0

I am writing a technical thesis with quite a few figures, tables and equations. These items break up the "flow" of the document. To mitigate this some journals suggest placing such items at the top or bottom of the page or column in which they occur.

In attempting to do this in MS Word a problem arises where as paragraphs, by default, split across page breaks; placing an item at the top or bottom of the page would mean inserting it mid-paragraph (or even mid-sentence) and so essentially creating two smaller paragraphs.

So would it be recommended to continue to pursue this formatting by setting MS Word to not allow paragraphs to break across page breaks, which results in figs etc more easily placed at the top or bottom, but leaving some pages with white space at the bottom of pages. Or should I make figure placement more flexible and prevent the white space introduced on some pages?

To clarify: better figure/table/equation placement or pages completlyu full with no white space at the end of some pages...

  • Are you submitting a manuscript? Then figures, tables, and such should be placed in an appendix and their approximate place indicated in text. Or are you required to do the layout of your text yourself? Then follow the style guide the publisher gave you and don't worry about what it looks like. In Word, format the paragraphs to allow or dissallow "widows" and "orphans" according to the style guide (see en.wikipedia.org/wiki/Widows_and_orphans). If you don't know how to do that, look here: support.office.com/en-us/article/… – user5645 Sep 22 '16 at 10:10
  • In professional publications, figures and tables are usually not part of the text but placed on the page with the text flowing around it. Since an these objects have a numbered title (e.g. "Figure 3" or "Table 72") you can refer to them in text, even if they aren't near that reference, maybe even on a different page. Look at a textbook to see how they do it. Do the same. – user5645 Sep 22 '16 at 10:13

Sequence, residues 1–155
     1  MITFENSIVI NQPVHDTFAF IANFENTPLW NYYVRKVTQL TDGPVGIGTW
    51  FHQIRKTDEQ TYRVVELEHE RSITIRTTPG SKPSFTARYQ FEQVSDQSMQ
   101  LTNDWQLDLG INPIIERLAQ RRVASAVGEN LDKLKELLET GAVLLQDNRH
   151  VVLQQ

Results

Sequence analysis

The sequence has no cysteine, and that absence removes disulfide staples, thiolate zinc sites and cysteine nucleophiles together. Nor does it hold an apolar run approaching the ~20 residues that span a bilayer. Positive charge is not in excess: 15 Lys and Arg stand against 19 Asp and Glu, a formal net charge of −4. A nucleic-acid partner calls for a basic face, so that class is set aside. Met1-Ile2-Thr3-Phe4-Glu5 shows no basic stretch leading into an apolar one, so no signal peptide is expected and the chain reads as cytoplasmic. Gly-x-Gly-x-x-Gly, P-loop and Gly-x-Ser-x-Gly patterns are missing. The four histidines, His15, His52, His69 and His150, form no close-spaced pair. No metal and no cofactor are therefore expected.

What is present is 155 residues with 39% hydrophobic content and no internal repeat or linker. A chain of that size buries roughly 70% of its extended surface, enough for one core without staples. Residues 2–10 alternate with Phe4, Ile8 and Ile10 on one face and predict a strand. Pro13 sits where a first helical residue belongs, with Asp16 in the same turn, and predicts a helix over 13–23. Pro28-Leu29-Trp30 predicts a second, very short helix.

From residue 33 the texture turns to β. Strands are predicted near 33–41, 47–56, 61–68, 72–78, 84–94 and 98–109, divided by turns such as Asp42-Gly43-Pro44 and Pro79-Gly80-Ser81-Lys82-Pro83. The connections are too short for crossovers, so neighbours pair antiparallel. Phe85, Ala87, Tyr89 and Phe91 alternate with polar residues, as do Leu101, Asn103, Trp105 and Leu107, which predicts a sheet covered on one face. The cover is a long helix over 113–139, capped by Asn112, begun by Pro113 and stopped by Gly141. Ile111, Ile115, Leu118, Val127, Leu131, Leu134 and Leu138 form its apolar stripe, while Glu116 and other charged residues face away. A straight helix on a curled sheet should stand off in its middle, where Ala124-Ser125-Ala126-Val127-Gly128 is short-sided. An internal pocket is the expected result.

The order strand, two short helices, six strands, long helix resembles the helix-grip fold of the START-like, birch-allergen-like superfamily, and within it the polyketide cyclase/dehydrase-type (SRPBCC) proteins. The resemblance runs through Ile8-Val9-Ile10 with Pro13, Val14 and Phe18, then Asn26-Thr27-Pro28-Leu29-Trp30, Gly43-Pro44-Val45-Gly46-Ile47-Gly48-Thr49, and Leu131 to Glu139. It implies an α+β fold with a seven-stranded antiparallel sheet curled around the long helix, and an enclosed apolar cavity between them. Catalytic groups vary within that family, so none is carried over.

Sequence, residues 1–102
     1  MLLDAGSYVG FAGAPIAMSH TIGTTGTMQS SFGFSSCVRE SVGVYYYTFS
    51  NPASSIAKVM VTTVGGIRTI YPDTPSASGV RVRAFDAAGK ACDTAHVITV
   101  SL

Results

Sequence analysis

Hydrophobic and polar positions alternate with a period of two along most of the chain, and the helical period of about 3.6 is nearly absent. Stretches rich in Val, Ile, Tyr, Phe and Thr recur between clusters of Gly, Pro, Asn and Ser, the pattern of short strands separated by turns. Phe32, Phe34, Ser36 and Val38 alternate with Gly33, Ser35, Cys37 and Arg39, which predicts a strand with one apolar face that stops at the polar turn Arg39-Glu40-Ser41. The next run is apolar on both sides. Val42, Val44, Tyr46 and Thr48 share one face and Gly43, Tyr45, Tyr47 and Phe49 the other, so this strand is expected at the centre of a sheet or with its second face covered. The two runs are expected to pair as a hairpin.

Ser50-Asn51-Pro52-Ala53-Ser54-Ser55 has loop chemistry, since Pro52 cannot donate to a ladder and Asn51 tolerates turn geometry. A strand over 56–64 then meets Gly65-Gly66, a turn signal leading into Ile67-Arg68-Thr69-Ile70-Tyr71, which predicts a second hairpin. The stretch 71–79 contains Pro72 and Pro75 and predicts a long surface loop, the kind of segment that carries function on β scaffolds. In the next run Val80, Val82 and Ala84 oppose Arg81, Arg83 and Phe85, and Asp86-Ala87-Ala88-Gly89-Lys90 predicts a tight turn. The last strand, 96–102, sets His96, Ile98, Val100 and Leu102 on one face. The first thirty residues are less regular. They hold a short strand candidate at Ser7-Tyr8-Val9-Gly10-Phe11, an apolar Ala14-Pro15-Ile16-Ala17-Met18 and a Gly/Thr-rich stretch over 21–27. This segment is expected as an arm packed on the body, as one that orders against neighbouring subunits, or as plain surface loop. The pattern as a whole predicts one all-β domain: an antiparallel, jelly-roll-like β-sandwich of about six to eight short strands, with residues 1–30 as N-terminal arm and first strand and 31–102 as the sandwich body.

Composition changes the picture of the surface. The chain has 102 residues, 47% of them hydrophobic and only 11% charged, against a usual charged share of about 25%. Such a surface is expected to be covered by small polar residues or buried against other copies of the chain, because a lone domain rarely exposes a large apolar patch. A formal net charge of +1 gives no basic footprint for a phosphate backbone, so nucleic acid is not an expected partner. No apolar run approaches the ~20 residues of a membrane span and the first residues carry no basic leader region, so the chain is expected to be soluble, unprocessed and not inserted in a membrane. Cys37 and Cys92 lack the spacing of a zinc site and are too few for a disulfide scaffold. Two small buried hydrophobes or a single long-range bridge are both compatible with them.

2

Don't be afraid of white space. It's easier for comprehension not to break a paragraph or sentence mid-thought. I would rather have a big chunk of white space at the bottom of a page and then see the table at the top of the next page, where it made sense in the flow of reading, than have to interrupt my reading to double back and look at a graphic.

Put the tables/figures etc. where they fit in context and don't worry about big gaps. (For what it's worth, I'm also a typesetter who's done a lot of financial documents with tables and figures, and this would be my answer on Graphic Design SE too.)

  • OTOH, splitting a long paragraph of plain text over two pages is nothing wrong. Sure if you leave 2-3 lines dangling on either side it's better moved to the other page, but if you have a choice between leaving 15 empty lines at the end of a page or just splitting a 30-line paragraph in half, choose splitting. – SF. Feb 6 '13 at 14:39
  • @SF. I'm saying that's a matter of reading comprehension and aesthetics. I worked with clients who preferred exactly what you suggest, and those who didn't. If my project is in Word, I would prefer the big blank space. If I were using InDesign, I would split the paragraph or wrap the graphic somehow. There's nothing inherently wrong with splitting the paragraph as long as it's clear what text the figure goes with. But if I'm working in Word, I would choose not to split it because I think it will read better. InDesign would give me more flexibility to split the text but keep it readable. – Lauren Ipsum Feb 6 '13 at 15:43
  • I meant "If there are no figures, tables or other non-text elements nearby..." - If there's just text, split it. If the split would place any non-text elements in dubious positions relative to the paragraphs, don't split. – SF. Feb 6 '13 at 16:17
  • @SF. Sure, but the question is specifically about text with non-text elements, so that was the question I answered. If there are no non-text elements, of course you can break a paragraph. (There are rules about that too, but that's a graphic design question, not a writing question.) – Lauren Ipsum Feb 6 '13 at 17:14

Your Answer

By clicking “Post Your Answer”, you agree to our terms of service, privacy policy and cookie policy

Not the answer you're looking for? Browse other questions tagged or ask your own question.